Pandora's Jar

October 2020 Book of the Month

Signed copies

"Reading Pandora’s Jar: Women in the Greek Myths by Natalie Haynes: Funny, sharp explications of what these sometimes not-very-nice women were up to, and how they sometimes made idiots of... but read on!" - Margaret Atwood.

In traditional retellings of the Greek myths, the focus is invariably on gods and men, but in Pandora’s Jar: Women in the Greek Myths, Natalie Haynes refocuses our gaze on the remarkable women at the centre of these ancient stories.

Stories of gods and monsters are the mainstay of epic poetry and Greek tragedy, from Homer to Aeschylus, Sophocles and Euripides, from Jason and the Argonauts to the wars of Troy. Today, a wealth of novels, plays and films draw their inspiration from stories first told almost three thousand years ago. But modern tellers of Greek myth have usually been men and have rarely shown interest in telling women’s stories. And when they do, those women are often painted as monstrous, vengeful or just plain evil.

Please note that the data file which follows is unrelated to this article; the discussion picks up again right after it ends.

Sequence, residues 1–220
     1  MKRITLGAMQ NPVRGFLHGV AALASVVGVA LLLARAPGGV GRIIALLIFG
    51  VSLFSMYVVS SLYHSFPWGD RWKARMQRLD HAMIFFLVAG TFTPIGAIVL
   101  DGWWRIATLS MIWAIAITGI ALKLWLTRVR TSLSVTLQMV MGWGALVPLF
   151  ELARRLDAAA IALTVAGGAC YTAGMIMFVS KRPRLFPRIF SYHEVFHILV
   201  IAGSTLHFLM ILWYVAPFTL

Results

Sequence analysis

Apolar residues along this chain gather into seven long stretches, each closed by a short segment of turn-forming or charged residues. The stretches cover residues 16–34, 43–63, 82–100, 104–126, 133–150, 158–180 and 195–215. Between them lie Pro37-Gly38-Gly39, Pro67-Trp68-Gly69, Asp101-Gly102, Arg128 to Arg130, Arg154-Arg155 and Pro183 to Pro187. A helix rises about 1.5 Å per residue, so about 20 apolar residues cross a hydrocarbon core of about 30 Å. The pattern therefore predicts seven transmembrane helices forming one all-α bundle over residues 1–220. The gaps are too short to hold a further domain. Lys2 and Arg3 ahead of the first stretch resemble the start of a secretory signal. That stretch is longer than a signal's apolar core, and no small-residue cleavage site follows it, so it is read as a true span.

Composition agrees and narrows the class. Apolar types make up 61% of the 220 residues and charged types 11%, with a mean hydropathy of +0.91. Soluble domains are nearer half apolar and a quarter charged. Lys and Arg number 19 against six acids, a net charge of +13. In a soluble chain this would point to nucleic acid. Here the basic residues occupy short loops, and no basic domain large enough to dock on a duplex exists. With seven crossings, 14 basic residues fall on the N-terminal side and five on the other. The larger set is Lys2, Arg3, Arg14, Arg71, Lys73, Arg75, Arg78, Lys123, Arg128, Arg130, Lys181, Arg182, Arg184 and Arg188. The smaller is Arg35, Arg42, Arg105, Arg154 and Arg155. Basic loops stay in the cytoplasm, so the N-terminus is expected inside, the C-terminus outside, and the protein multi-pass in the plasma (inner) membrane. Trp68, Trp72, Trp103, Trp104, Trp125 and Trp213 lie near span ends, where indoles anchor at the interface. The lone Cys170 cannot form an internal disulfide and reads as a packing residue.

Taking Pandora and her jar (the box was a mistranslation by Erasmus) as the starting point, Haynes puts the women of the Greek myths on equal footing with the menfolk. After millennia of stories telling of gods and men, be they Zeus, Odysseus or Oedipus, the voices that sing from these pages are those of Clytemnestra, Jocasta, Eurydice and Penelope.

"The forgotten women are vividly brought to life in this moving, intelligent and witty book" - Martha Kearney, BBC Radio 4.

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Pandora's Jar